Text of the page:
More Native Than Native Advertising
Is there something more native than native advertising?
Yesterday, I was cruising the Internet, browsing through a few of my favorite digital haunts, and I stumbled upon a Fast Company article highlighting a chair designed for public spaces (like airports) that actually shields you from the glances of passers-by.
Being a bit of a privacy enthusiast, I clicked through and started scanning. The article described the chair, featured many different pictures and offered a quote from the designer, waxing nostalgic on her memories of playing inside cardboard boxes as a child. Despite the fact that the article had a byline credited to Margaret Rhodes, an assistant editor for Fast Company, midway through the article I stopped and realized—
I’m being advertised to.
Another curious incident happened over at Mashable. I caught sight of an interesting-looking article about an airplane company’s advertisement “that really flew” (spoiler alert: it uses magnets). I clicked through and watched the whole video.
And it hit me again—I’m being advertised to.
It happened subtly, under the guise of journalistic expertise.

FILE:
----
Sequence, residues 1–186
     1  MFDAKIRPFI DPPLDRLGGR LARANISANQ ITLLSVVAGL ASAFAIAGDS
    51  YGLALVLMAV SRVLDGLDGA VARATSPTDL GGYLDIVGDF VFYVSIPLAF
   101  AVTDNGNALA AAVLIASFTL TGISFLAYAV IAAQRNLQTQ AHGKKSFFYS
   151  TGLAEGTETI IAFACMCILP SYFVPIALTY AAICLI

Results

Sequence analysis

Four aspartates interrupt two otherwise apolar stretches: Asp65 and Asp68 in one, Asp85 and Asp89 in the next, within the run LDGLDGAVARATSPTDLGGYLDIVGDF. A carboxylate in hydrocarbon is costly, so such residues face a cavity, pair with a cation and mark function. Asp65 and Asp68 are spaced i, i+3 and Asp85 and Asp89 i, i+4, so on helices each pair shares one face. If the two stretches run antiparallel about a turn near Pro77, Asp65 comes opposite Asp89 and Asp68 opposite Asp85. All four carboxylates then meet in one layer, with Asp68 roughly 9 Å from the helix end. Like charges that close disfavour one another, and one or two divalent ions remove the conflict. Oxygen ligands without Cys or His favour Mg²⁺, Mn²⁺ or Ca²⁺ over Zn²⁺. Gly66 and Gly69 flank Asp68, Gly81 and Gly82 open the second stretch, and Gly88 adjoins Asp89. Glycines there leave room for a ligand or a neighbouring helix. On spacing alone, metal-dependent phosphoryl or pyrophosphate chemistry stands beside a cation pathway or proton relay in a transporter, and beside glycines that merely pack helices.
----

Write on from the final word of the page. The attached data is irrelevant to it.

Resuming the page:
I imagined how I would have reacted had either story been openly sponsored by the brands.
It’s doubtful I’d have clicked through the links. It took some novelty—some degree of newness—and the air of authority to coax me into trusting the content, which I did. Leading me to wonder—
Is there something more native than native advertising? At what point does a piece of content stop being content and start being an advertisement? Perhaps more intriguing, is there an obligation to identify advertisements? Should traditional advertisements even exist anymore?
We don’t want to be sold to. We’re conditioned to distrust an advertisement. We ignore most of them.
Or so we think. The truth is that really what we’re adverse to is the outright pitch. So this marketing wears a different coat.
It’s a tech expert’s review of the latest handheld device or a design expert’s analysis of the latest and greatest in modern office furniture. It’s a “news report” on that big brand’s most recent publicity stunt—you know the one I’m talking about, the one your friends were just talking about.
I’m reminded of something William Shakespeare wrote: All the world’s a stage, and the men and women merely players. Well, all the web’s a marketplace, and the men and women merely consumers.
The best actors have the ability to convince an audience that emotion is actually being felt. And so maybe the best advertising is not an ad, no—it’s not an advertisement at all—it’s simply a talking point that addresses something new and interesting. And comes with an air of third-party authority, so you should listen. And then, if you are so inclined, you should share and discuss it with your tribe.
Whatever this curious creature is—well, it doesn’t necessarily matter. Be it “true” content, content marketing, or just a mere ad—a rose by any other name would still smell so sweet, right?
It’s effective. It’s subtle. It works—and that’s why it matters.